I’m starting to dust off some seasonal projects and realized I hadn’t made this simple tool public which others may find handy. With projects like the NeoPixel Tree it can be much quicker to code visual sequences locally instead of waiting for new firmware to upload to the MCU every time you want to tweak something.
Initially I didn’t want to mess with the internal drive of the iMac since I had both Mac OS 9 and Mac OS X installed, so I tried to install to a USB drive. Although the installation succeeded (albeit extremely slowly due to USB 1.1), the boot into the system failed due to the following error:
panic: rootfilesystem has size 0
Looking at the trace of the kernel boot process it was evident why: Even though we installed the OS to sd0 (the mounted USB device), the kernel kept trying to mount wd0 which is the internal IDE drive.
I tried what I knew:
Tweaking the boot-device variable in Open Firmware
Using a different USB slot
Booting into the recovery kernel (bsd.rd) and mounting the USB to see if I could tweak fstab
Supposedly if we get to the boot prompt we can pass a -a flag for the root device (docs), but I couldn’t figure out how to get there.
Ultimately I decided to install OpenBSD to the main internal drive for now. If I get a hankering for Mac OS 9 I still have the trusty Power Mac G4.
The best setup will eventually be a dual or triple-boot. Trying to make the super-slow USB drive work is probably a terrible idea unless we plan to run it in a ramdisk mode the entire time.
The graphics driver kinda works
As you can see from the glxgears output above graphics are not accelerated. I’ve mostly played with the machine over SSH in a headless state so this hasn’t bothered me too much. I did glance at dmesg and saw that the expected driver, nv, was loaded and detected the card so I’m not totally sure what’s happening. I’m having flashbacks of when I used to spend hours tweaking xorg.conf and that may be on the horizon again.
If just running the console we still want the screen to sleep and I found I needed to make a couple tweaks for that to work.
First I needed to shut down X Windows:
rcctl stop xenodm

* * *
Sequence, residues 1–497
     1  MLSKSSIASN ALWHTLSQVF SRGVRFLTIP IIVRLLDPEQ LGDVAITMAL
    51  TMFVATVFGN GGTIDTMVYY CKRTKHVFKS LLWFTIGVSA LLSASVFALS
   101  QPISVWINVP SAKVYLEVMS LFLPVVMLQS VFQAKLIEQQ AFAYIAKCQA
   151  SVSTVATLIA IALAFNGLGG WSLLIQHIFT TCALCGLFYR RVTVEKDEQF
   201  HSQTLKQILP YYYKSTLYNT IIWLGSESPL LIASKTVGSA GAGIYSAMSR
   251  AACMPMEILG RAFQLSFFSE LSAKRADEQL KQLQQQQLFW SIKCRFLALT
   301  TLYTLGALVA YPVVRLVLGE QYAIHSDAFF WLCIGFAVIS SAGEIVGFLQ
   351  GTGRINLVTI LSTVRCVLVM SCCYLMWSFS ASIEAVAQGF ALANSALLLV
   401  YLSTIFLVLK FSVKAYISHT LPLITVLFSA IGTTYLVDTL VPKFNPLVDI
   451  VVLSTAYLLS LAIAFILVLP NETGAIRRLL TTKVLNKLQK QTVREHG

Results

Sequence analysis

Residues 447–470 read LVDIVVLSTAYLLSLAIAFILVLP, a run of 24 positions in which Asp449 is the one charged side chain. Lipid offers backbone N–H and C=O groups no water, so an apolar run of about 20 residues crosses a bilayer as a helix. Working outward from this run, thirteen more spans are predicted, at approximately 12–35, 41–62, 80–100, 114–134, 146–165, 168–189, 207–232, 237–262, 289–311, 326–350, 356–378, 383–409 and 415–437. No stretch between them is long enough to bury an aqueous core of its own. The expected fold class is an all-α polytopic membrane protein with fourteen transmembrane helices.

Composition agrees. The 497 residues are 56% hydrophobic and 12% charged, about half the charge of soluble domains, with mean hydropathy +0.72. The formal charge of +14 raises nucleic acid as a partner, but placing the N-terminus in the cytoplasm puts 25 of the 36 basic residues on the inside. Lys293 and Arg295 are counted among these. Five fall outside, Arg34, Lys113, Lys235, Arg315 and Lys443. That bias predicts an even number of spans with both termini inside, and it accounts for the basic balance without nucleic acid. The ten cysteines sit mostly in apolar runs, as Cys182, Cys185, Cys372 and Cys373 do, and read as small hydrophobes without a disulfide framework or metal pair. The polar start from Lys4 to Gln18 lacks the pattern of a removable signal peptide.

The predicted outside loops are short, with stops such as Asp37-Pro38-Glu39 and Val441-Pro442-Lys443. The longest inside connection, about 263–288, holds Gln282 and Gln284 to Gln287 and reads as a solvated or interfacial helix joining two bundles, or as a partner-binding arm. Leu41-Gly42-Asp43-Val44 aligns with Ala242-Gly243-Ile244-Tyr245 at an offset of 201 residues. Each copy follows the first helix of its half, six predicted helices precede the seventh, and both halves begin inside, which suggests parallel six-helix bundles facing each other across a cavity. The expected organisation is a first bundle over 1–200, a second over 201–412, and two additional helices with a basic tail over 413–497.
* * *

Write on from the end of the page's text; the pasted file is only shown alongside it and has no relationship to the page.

Then I needed to disable output activity from waking the screen:
After that the screen would shut off after however many milliseconds were set for display.screen_off.
Copying over /etc/examples/wsconsctl.conf to /etc/ is a great starter config.
Oh yeah, it runs DOOM
(Very poorly, presumably until the graphics driver is tweaked)
Running Chocolate Doom was painful. Even the setup utility had a good second or so input lag!
I first want to acknowledge that I did the thing that I try to never do: I showed off a snazzy project, left some hints here and there of how it worked, said I would follow up with full details… and never did. That’s lame.
I’ve had multiple people reach out for more info and I’m glad they did, since that’s pushed me to finally get some repos public and this belated follow-up written. Apologies!
To jump straight to it, I’ve published these two repos:
Let’s first go over the hardware involved. The most important piece, of course, is the Alfa-Zeta XY5.
In my case, the 14×28 board was made up of two 7×28 panels connected together via RJ-11.
The panels are pricey, but they can be thought of as “hardware easy-mode”. Alfa-Zeta has done the hard job building the controller that drives the hardware and all we have to do is supply power and an RS-485 signal that abides by their protocol.
If you purchase a panel from them there are two important documents to request:
The main manual that describes the specs, features, and things like the DIP switch settings.
The protocol for sending commands to the controllers (which is really simple).
These can easily found by searching around, but if you own a panel the company should supply them. Most of the protocol can be deduced by looking at open source code.
I’m really happy that most modern monitors support DDC so that we can programmatically change settings rather than go through clunky OSDs.
At my desk I have my Mac Studio and my latest gaming PC and they both share a triple monitor setup. When I want to switch the monitors between the two, I either need to:
Turn on auto-switching mode
Manually change the input x 3
Auto-switching kinda worked, but has quirks I can’t live with. One is when I’m playing a game on the PC and the Mac wakes up for whatever reason, the PC receives a signal that hardware has been connected or disconnected and the screen freezes. It seems like a firmware bug to me – if an input is being actively used the others should be ignored.
The manual route is pretty bad as well. The M32U‘s input switchers are on the back of the monitor, which is pretty much the worst spot possible. Only the far right monitor is slightly more convenient to access.
How DDC solves it
By using m1ddc on the Mac we can easily script a way to switch between the two machines. 🎉 This means I can create a keyboard shortcut to toggle the inputs, a physical button, or even run it from an external computer. Hooray!
Edit: Now with web appi-ness!
I threw together a quick Flask app that can be accessed from any device on my network to switch inputs. Neato!